Think of an investment fund dedicated exclusively to Katahdin region businesses, and you’ll have a pretty good idea of what some community activists plan to launch in December.
OurKatahdin Capital, an investment fund being developed by chartered financial analyst and Medway native Michael Faloon Jr., will allow people interested in helping the region’s economy to directly invest in area businesses.
“The biggest plus is it allows the community to invest right back into the community,” said Mike Seile, general manager at Somic America in Brewer and a member of the board of directors of Our Katahdin, a volunteer group of present and former East Millinocket, Medway and Millinocket residents dedicated to helping the region recover from the loss of its paper mills.
“It is a social investment that has a chance of return right in the local economy. That means that residents can take interest and control of their local economic development by investing in their local businesses and entrepreneurs,” Seile added. “It is right at the very cutting edge.”
Faloon will assist in the vetting process of businesses seeking to tap into the fund. He is chief operating officer of Standish Mellon Asset Management of Boston, which employs about 150 people managing $170 billion in fixed income assets on behalf of individuals, corporations, sovereign wealth funds and foreign central banks, according to Faloon.
The Katahdin fund may be among the first of its kind, he said.
It is based on the Jumpstart Our Business Startups Act, or JOBS Act, of 2012 and its definition of crowdfunding, Seile said. Crowdfunding, according to the U.S. Securities and Exchange Commission, is “an evolving method of raising capital that has been used outside of the securities arena to raise funds through the Internet for a variety of projects ranging from innovative product ideas to artistic endeavors like movies or music.”
Title III of the JOBS Act creates an exemption under federal securities laws to make this type of funding method easily used to offer and sell securities.
The JOBS Act established the foundation of a regulatory structure for this funding method. Under the Katahdin-area plan, the OurKatahdin board of directors will administer the fund. It will be open to any investor. Its portfolio will consist of established Katahdin region businesses and fledgling businesses that pass a board analysis, Faloon said.
“It’s like a mutual fund,” Faloon said. “The investment dollars people will be sending in will go into a big pot. Your investment for $100 gets a lot more power when a lot of people send in $100.”
The fund’s offering documents — investor’s prospectus and subscription agreement — are under legal review and should be finished in December, Faloon said.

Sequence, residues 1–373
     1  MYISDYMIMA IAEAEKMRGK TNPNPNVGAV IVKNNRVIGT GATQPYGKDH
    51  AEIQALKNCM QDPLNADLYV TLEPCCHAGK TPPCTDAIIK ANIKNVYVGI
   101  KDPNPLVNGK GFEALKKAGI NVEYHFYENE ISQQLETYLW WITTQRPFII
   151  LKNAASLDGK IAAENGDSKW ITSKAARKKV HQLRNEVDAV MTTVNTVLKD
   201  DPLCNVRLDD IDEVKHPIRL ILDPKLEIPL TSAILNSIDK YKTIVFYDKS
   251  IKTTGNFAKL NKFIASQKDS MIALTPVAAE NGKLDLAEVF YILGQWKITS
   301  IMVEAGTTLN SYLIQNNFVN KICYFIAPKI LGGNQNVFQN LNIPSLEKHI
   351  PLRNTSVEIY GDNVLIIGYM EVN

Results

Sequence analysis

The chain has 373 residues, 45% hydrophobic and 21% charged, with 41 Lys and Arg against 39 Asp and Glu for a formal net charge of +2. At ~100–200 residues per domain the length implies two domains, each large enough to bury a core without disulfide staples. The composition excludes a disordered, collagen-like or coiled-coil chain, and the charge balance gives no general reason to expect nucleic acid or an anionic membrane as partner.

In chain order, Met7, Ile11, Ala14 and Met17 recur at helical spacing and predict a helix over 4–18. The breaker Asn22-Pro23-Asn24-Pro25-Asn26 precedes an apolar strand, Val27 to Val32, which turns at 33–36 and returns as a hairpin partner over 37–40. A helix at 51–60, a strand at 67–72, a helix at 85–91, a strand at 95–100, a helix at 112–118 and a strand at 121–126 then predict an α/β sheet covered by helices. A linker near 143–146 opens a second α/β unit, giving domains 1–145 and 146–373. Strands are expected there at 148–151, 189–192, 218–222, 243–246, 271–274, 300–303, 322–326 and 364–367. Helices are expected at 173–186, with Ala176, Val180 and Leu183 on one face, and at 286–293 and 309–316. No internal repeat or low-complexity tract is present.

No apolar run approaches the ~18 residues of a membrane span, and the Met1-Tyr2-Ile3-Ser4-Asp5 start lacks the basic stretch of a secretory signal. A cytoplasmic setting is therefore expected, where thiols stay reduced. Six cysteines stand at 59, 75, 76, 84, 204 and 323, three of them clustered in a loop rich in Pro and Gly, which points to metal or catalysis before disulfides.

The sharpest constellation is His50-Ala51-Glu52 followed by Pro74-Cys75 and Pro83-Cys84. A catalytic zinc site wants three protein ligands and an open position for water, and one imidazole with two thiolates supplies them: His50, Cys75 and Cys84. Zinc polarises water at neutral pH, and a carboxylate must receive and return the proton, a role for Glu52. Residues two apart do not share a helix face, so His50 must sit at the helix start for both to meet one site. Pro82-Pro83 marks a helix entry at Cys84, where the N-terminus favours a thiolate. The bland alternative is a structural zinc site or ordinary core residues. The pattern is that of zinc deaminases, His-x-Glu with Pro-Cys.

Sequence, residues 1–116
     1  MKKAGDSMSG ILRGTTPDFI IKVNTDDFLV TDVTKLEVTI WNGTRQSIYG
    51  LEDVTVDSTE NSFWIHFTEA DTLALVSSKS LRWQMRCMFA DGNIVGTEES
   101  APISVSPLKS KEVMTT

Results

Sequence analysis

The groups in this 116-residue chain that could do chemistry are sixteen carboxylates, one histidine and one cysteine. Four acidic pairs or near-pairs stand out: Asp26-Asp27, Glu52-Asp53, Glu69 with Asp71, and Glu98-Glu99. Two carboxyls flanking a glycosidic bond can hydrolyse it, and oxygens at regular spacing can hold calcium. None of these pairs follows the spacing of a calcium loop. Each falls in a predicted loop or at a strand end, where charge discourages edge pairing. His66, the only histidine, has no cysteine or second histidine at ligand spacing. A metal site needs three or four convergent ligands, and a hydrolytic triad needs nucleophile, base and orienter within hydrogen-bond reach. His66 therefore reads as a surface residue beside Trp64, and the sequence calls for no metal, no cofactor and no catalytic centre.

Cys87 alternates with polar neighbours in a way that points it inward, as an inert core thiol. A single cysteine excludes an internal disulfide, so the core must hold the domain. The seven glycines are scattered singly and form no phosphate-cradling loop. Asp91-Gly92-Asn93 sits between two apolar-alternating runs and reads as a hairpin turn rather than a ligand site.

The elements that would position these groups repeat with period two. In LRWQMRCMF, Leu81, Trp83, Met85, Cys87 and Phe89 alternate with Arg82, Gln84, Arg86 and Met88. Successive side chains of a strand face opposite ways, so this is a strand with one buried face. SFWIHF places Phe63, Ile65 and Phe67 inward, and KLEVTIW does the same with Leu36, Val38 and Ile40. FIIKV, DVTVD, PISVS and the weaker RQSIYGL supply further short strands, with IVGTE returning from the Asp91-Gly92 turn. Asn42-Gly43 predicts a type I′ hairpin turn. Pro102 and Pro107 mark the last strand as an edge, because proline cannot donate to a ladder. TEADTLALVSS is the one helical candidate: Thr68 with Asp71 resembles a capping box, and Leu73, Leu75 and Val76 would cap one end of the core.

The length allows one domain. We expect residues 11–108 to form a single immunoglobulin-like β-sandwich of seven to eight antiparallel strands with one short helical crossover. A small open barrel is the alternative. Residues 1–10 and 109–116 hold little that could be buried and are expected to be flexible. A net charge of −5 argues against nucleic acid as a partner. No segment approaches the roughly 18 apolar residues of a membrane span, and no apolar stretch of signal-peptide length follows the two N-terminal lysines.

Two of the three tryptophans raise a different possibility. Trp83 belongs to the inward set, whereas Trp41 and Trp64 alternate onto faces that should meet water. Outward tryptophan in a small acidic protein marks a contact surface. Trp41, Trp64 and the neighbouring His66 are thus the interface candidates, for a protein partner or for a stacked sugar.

Faloon encouraged businesses in the region or people interested in relocating or launching businesses in the Katahdin region to contact him through OurKatahdin.com, the group’s website. Three businesses have expressed interest in the idea. The funding also can be used to redevelop properties or bolster grants, he said.
OurKatahdin Capital will work through Bangor Savings Bank and Katahdin Federal Credit Union. It’s too early to say what an investor’s return on investment will be, but Faloon said he hopes for 6 percent. That’s a margin large enough to be gratifying to all parties. But like all investments, profit is not guaranteed.
“The rise or fall of the return is going to depend on how the local economy shapes up. That is a major risk,” Faloon said.
The concept of crowdfunded community reinvestment is new and drawing attention from officials in New Brunswick interested in pursuing it, according to Nancy DeWitt, a member of the OurKatahdin board of directors.
“They have a lot of towns that are in the same shape we are in,” DeWitt said. “Maybe this is something that these other one-industry towns can do. I hope so.”
DeWitt and her son, Sean, had crowdfunded community investment in mind when they began OurKatahdin.com, the website for the nonprofit organization, in December 2014.
The group manages 11 community development fundraising projects aimed at improving the region’s business climate and quality of life. The volunteer efforts completed or underway include the restoration of the East Millinocket gazebo, the busing of residents to Stearns High School tournament basketball games, a Katahdin-region Santa house and a Millinocket farmers market.
Faloon, 40, whose family has lived in Medway since 1859, became interested in OurKatahdin at the urging of Sean DeWitt.
“He knew that I was a Medway boy, and I had reached out to him about starting something similar in the area a few years before. It just came full circle. The timing was right. It is tough to go back home to visit family and watch it in a steady state of decline,” Faloon said. “Anyone who knows me knows that I have a lot of pride in where I am from. It is really calling on those things.
“The thing I am looking forward to is providing — and I don’t want to become too grandiose — a lot of capital that is meaningful,” he added. “The one thing we really have on our side is hope. The power of positive thought cannot be underestimated.”